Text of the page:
Volunteers continue to drive the mark and recapture study and track several fish with radio transmitters. These trout have been actively tracked by foot, car, boat and aircraft to monitor their movements. Most of the data collection has been volunteer-driven, coordinated by long-term advocate Reg Baird. Efforts to date have indicated that Brook trout feed in the rivers and larger brooks in May and June and then move to deeper spots of Kejimkujik Lake or the Mersey River for the summer where there is sufficient oxygen.  In the fall some trout re-enter the river to spawn while some spawn in the lake. Larger trout appear to overwinter in lakes, while many younger trout tend to overwinter in and the river waters.

Don't miss it this year!
Fish continue to be tracked year-round. Mark and recapture studies are conducted at various times in of the year. Contact us to get involved!

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Common Loon
(Emydoidea blandingii)

 

Description: The loon is a popular water bird that inhabits many lakes in Kejimkujik and the Southwest Nova Biosphere Reserve.  Its calls and appearance are virtually unmistakable.  Adults have a black head, white underside, and a black and white mottled back.  Loons are terrific divers, and they feed mainly on fish.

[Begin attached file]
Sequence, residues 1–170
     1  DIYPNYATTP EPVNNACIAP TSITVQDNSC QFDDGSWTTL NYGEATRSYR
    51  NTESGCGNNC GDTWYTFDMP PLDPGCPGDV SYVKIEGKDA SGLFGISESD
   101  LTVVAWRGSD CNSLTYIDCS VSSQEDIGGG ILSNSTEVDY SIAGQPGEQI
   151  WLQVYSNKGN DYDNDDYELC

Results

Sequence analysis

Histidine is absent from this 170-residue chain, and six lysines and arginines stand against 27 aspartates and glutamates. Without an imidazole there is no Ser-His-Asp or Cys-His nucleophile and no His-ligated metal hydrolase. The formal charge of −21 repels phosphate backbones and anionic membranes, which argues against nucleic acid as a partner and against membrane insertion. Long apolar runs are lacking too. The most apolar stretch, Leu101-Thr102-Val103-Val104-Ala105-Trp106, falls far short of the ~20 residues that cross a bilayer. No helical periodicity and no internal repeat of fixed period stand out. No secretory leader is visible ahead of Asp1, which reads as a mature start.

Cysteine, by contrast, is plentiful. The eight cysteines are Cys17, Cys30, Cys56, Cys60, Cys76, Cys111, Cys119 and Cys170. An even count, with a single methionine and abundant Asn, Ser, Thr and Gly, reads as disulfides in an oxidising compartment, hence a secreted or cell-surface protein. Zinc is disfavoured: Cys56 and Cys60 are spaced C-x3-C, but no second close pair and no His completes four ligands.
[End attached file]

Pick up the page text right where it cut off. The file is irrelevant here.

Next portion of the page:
Range: Loons are found in waterways across the region. In Nova Scotia, this species winters offshore in the Atlantic Ocean.

Habitat: Loons prefer large freshwater lakes, as well as coastal waters.

Threats: Threats to loons in the region include: water contamination, predation, human disturbance, abrupt floods and habitat loss.

Additional Information: Loons are terrific divers, and they feed mainly on fish.  In early summer, females lay 1 to 3 eggs on a depressed mound of dirt and vegetation very near water.  Both parents build the nest, sit on the eggs, and feed the young.